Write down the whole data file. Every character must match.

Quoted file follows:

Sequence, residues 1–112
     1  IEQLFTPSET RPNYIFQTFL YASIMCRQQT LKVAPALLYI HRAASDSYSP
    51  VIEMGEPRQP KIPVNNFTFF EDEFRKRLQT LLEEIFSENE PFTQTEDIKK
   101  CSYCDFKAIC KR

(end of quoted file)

Sequence, residues 1–112
     1  IEQLFTPSET RPNYIFQTFL YASIMCRQQT LKVAPALLYI HRAASDSYSP
    51  VIEMGEPRQP KIPVNNFTFF EDEFRKRLQT LLEEIFSENE PFTQTEDIKK
   101  CSYCDFKAIC KR